Liquid nitrogen ice cream

Mint LN2 ice cream 2

Liquid nitrogen ice cream sounds like something out of a sci-fi movie where people dress in reflective fabrics and wear HUD-enabled visors. Those unfamiliar to LN2 ice cream—as it is frequently abbreviated to—might even believe that eating liquid nitrogen ice cream includes eating nitrogen, a belief which in turn causes concern over one’s health. In reality however, LN2 ice cream is one of the safest, creamiest, tastiest and most natural ice creams available.

What is liquid nitrogen?

Liquid nitrogen is nitrogen, which has a chemical formula of N2, at its liquid state. Nitrogen’s gaseous state happens to comprise 78% of the Earth’s atmosphere by volume. You breathe in nitrogen on a daily basis, so nitrogen itself is perfectly safe to “eat.” Now, as you may know, compounds or matter have three states—solid, liquid, and gas. Solids are generally the coldest. Liquids are hotter than solids. Gasses are hottest. Matter shifts between each state depending on their temperature. What is unique about nitrogen is the fact that its liquid state turns to gas—boils–at -195ºC or -320ºF. Thus, liquid nitrogen is very cold, and by the time it reaches room temperature, liquid nitrogen will not actually be liquid anymore and have evaporated into the atmosphere.

Concept behind liquid nitrogen ice cream

Ice cream, by definition, is frozen cream, and generally, people make ice cream by exposing cream to a cold surface while stirring the cream in order incorporate air into the mixture. While the traditional method works well, liquid nitrogen provides an alternative and more exciting method of procuring ice cream. By mixing liquid nitrogen into the liquid cream mixture, you can freeze cream and turn it into ice cream without using any other cold surface. When the liquid nitrogen contact touches cream, the cream loses its heat energy to the liquid nitrogen, causing the cream to get colder and liquid nitrogen to get hotter. Once the liquid nitrogen has absorbed enough heat and reached a temperature high enough to boil, the liquid nitrogen turns into a gas and escapes into the atmosphere. The boiling away of liquid nitrogen also causes air cavities to form in the cream mixture, aerating the ice cream and making it more light and fluffy. The whole process can occur in a large metal pot.

How to make liquid nitrogen

You simply use a ratio of 1:1, all the way up to 1:5, ice cream mixture to liquid nitrogen ratio to make LN2 ice cream.

LN2 ice cream making

Mint Ice Cream Mixture
from AllRecipes

  • 2 cups 2% milk
  • 2 cups heavy cream
  • 1 cup sugar
  • 1/2 teaspoon salt
  • 1 teaspoon vanilla extract
  • 1 teaspoon peppermint extract
  • 1 cup miniature semisweet chocolate chips
  1. Pour ice cream mixture into large metallic bowl.
  2. Gradually pour liquid nitrogen into bowl while stirring the ice cream and liquid nitrogen mixture.
  3. Keep adding and stirring until the ice cream reaches a desired creaminess.

Safety and Leidenfrost Effect

Working with liquid nitrogen can be dangerous. Though, it is no more dangerous than working with boiling water or a scalding hot pan. Due to the extremely low temperature of liquid nitrogen, frost-related injuries can occur. I have also heard that liquid nitrogen can freeze your hands off—not sure how valid such statement is however. Just remember to handle liquid nitrogen carefully!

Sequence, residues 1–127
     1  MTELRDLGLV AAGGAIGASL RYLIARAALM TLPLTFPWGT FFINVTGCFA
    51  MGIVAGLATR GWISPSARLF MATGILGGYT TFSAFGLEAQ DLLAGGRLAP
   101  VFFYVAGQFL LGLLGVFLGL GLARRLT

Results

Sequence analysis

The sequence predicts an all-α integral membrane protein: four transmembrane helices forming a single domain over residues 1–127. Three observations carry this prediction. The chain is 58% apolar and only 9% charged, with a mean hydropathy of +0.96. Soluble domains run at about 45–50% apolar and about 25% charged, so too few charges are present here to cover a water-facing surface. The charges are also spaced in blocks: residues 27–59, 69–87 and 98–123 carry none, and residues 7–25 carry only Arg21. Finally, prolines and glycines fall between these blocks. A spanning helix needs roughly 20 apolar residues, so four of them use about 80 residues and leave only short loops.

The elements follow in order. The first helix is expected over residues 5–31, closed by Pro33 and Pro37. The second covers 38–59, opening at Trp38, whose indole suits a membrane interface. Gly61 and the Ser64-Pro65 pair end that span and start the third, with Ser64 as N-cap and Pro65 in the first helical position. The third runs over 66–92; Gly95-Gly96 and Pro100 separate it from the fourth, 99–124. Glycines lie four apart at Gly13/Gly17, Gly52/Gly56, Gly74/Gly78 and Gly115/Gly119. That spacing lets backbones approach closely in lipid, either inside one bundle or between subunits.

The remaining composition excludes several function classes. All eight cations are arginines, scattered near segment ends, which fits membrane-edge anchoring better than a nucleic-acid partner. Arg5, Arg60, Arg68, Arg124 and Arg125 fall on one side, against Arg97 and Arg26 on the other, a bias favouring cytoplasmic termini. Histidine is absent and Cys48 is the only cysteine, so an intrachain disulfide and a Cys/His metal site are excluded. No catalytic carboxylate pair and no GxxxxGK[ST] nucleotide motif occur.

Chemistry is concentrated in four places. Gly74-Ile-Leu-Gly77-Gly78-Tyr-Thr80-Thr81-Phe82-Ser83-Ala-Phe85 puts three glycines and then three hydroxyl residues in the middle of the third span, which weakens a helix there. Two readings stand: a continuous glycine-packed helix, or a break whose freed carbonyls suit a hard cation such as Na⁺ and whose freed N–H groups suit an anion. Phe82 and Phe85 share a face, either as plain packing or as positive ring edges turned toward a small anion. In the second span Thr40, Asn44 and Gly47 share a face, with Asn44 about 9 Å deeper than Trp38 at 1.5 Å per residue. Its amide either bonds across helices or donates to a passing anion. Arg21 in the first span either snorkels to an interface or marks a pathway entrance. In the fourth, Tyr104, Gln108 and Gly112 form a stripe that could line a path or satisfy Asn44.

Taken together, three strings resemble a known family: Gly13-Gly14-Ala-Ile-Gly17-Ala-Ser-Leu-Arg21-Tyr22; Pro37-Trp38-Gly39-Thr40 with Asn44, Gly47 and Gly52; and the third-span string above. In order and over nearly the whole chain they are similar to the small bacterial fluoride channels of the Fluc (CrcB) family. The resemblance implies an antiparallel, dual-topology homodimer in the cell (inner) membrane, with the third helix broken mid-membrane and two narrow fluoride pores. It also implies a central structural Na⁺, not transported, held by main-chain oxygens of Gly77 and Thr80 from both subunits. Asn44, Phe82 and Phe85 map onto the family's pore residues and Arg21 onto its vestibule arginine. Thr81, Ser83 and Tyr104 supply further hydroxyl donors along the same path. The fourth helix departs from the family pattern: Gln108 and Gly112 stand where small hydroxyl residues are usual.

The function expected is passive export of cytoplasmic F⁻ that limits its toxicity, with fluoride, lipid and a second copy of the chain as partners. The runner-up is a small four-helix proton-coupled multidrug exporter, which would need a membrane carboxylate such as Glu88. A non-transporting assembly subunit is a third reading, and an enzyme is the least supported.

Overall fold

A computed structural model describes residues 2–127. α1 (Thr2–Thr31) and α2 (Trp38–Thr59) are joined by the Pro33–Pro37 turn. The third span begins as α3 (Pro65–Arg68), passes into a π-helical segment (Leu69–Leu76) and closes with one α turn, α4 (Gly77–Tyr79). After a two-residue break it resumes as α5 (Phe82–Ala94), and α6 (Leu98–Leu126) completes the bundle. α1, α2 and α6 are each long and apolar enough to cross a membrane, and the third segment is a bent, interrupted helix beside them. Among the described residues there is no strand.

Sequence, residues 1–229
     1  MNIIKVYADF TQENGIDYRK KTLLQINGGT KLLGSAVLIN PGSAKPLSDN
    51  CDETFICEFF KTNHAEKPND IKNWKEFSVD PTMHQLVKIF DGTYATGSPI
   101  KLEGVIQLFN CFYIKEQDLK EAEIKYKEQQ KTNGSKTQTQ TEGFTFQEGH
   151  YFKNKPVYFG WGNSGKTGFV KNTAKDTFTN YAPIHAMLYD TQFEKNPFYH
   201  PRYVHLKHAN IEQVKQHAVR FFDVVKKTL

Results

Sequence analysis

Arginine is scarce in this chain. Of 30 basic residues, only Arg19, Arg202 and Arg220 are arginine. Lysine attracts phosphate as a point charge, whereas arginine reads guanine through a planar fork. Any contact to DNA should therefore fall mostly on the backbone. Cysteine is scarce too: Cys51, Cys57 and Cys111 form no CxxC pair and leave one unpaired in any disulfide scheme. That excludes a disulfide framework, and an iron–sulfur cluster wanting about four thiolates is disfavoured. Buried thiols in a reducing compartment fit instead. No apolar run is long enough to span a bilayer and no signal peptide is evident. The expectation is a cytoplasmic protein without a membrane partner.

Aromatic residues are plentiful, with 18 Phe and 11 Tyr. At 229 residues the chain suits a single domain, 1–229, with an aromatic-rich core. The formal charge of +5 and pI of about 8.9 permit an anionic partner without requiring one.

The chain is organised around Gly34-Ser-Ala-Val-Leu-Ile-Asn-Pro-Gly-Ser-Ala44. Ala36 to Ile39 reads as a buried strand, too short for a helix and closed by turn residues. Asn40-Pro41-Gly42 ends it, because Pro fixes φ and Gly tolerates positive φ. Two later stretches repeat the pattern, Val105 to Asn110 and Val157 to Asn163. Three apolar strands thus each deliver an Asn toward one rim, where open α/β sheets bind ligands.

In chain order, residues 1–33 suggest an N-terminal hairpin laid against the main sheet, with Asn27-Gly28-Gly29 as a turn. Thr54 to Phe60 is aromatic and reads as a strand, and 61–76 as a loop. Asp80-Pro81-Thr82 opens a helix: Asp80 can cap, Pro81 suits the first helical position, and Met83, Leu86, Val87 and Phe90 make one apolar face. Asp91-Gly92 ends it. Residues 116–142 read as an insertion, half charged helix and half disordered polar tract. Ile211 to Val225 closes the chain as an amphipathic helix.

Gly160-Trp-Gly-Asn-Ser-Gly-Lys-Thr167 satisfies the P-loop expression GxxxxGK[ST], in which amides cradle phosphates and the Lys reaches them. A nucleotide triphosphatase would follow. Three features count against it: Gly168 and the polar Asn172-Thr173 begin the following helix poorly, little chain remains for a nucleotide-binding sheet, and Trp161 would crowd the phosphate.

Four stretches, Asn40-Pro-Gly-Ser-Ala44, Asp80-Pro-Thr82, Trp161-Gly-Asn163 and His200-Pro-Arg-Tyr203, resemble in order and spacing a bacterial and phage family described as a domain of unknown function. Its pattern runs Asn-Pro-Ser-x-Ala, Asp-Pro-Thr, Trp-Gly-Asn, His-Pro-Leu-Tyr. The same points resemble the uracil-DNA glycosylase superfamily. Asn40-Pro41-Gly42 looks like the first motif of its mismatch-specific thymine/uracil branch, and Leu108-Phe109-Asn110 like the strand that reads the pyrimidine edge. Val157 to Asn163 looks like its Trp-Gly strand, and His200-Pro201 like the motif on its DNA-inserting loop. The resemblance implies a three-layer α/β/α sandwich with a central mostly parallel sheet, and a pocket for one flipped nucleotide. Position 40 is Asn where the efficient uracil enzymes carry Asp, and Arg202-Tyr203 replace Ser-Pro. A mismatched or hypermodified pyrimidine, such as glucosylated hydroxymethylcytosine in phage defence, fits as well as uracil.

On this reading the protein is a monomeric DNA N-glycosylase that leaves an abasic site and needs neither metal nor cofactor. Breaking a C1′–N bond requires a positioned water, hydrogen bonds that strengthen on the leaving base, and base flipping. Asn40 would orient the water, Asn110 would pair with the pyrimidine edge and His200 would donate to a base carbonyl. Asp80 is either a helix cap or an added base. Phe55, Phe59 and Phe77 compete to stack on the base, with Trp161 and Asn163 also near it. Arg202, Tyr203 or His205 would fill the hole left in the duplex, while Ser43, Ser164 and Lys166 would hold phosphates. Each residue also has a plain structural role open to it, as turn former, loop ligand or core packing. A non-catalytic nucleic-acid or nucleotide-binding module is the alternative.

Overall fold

Image from Wikipedia

Despite precautions necessary in handling liquid nitrogen, a phenomenon known as the Leidenfrost effect prevents liquid nitrogen from being too dangerous for household use. The Leidenfrost effect describes the phenomenon of liquids coming to contact with a surface that is so hot that part of the liquid instantaneously vaporizes to form a gas cushion between the liquid and the hot surface. For example, the Leidenfrost effect occurs when water droplets hit a scalding hot pan, and the droplets scatter or roll around the pan without boiling off immediately. The reason the water does not boil off is because only the very bottom layer of liquid boils. That layer does not boil “off” however, since it remains trapped between the pan and the liquid.

For liquid nitrogen, the room temperature is “hot” enough for the Leidenfrost effect to occur. Thus, when liquid nitrogen hits the skin, a protective layer of nitrogen gas separates the liquid nitrogen and the skin. The effect does not last forever, so it is still best not to come in contact with liquid nitrogen for more than a few seconds. Just know that liquid nitrogen will not burn you immediately upon contact.

Other applications of liquid nitrogen

Did you know that Dippin’ Dots, the novel dot-shaped ice cream is made by using liquid nitrogen? Droplets of liquid ice cream mixture fall into liquid nitrogen to instantaneously freeze into ice cream while preserving its shape.

About Earl

Hi, my name is Earl. I am a student who loves to analyze food and eat healthy. My careful eye for food has caused me to become interested in the science behind food and cooking, and I write about my explorations into food on my website While I believe in sticking to whole, natural foods, I'm not afraid to work with avant-garde ingredients and equipment such as constant temperature water baths and sodium alginate. I also love photography, technology, and journalism.

17. April 2011 von Earl
Categories: Molecular Gastronomy | Tags: , | 2 comments

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